Know (and Protect) Your Rights When it Comes to Your Kids and School

Sep 3, 2019 | Difficult Situations, Exes, Single Parents, Stepfamilies

One of the hardest parts about co-parenting is when you want to co-parent but the other parent doesn’t. That is especially difficult when you are the parent with less time and less access. In my last post, I talked about the importance of reading your decree to ensure you understand your rights as a parent when it comes to school and your ability to be involved.

Know where you stand

Decrees generally say that all parents have the right to attend their children’s school activities, whether the event falls on their time or not. Decrees also usually grant parents access to the children’s school records and enable parents to attend meetings that pertain to the child, such as teacher/parent conferences.

In most cases, co-parents should be listed as an emergency contact, as well as an approved person for drop off and pick up. Additionally, if you are a co-parent, usually you may have a designated person pick up and drop off for you, if needed. That could be a caregiver, grandparent, spouse or partner, or significant other.

Stand up for your rights

When you have a co-parent that is either disorganized or unwilling to co-parent with you for any number of reasons, you will have to take matters into your own hands. Make an intentional effort to be involved in school or you will be left out … and not even know it.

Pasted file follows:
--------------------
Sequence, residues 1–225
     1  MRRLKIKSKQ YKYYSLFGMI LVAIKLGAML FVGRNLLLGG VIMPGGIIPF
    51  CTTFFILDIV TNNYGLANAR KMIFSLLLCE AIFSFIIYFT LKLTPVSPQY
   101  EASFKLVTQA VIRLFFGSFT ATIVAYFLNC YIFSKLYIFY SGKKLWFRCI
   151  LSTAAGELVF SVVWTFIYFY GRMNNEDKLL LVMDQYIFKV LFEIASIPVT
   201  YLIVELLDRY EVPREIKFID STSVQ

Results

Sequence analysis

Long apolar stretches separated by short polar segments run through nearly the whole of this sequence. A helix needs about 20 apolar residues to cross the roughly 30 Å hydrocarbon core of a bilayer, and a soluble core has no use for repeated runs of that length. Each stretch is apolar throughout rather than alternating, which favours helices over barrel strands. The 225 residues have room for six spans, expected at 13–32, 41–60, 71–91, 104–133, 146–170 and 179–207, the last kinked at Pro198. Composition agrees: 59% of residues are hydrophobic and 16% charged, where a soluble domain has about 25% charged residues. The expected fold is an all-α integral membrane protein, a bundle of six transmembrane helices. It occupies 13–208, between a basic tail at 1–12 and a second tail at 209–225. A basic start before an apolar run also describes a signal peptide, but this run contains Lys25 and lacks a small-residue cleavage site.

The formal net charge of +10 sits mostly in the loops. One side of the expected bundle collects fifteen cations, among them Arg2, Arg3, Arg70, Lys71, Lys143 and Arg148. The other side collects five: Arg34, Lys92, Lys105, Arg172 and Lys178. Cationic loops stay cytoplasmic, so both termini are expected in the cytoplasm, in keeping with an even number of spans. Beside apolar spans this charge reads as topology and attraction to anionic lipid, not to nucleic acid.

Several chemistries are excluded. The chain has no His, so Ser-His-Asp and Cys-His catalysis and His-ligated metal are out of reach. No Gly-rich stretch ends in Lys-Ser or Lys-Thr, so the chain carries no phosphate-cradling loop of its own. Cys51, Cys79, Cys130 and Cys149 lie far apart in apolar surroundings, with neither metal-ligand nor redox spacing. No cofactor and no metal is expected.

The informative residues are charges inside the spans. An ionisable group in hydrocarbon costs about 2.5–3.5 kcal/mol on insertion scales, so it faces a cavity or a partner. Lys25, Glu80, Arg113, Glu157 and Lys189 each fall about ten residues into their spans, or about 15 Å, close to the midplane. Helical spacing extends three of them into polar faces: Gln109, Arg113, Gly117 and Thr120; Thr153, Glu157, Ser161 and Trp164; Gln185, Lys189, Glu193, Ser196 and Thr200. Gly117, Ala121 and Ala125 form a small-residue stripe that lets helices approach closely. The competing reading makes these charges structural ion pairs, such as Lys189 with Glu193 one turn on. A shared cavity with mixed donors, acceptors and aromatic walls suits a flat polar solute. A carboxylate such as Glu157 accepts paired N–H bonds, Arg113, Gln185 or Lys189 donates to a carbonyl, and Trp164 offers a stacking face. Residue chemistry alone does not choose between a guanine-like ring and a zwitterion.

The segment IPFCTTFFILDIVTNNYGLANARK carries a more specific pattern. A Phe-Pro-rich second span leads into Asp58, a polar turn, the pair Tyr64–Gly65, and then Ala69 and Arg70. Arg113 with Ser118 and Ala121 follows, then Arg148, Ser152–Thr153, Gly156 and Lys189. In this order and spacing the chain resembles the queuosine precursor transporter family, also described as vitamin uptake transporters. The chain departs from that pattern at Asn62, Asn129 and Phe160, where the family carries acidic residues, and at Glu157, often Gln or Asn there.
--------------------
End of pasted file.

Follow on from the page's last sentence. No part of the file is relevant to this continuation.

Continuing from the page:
I am not suggesting that both parents be swirling around the school every day. It is okay not to do everything. In fact, school should be the one place where your child is free to not be in the middle of conflict. Neither one of you should be showing up everyday for lunch with your child, constantly talking with the school staff, or always emailing the teacher. However, it is important to establish a connection with the school and the teacher early in the school year to avoid some bumps in the road later on.

Work with  teachers to ensure a smooth school year

Note: These suggestions are for parents of children who are junior high/middle school age and younger. When your children are in high school, ideally, they are handling most of the teacher contact themselves, unless they are having lots of issues.

First, make contact with your children’s teachers, ideally in person at orientation, parent/teacher night or parent/teacher conference. Yes, it can be a lot of work at the beginning of the school year, but it is worth it.

Introduce yourself, but do more listening than talking. Listen to what the teacher has to say about your child. Ask the teacher for suggestions as to how you can support him/her with your child. Ask the teacher for the best way to communicate with the teacher if a question comes up about homework and other issues.

Also, say to the teacher (in private), “I love my child very much and want to be as involved as I can. Sometimes I don’t always get information (or get information in a timely manner), so I may need to reach out to you. Is there an email list that I could be on that would give me extra information about what is going on in class or another way that I could touch base with you about class special events?”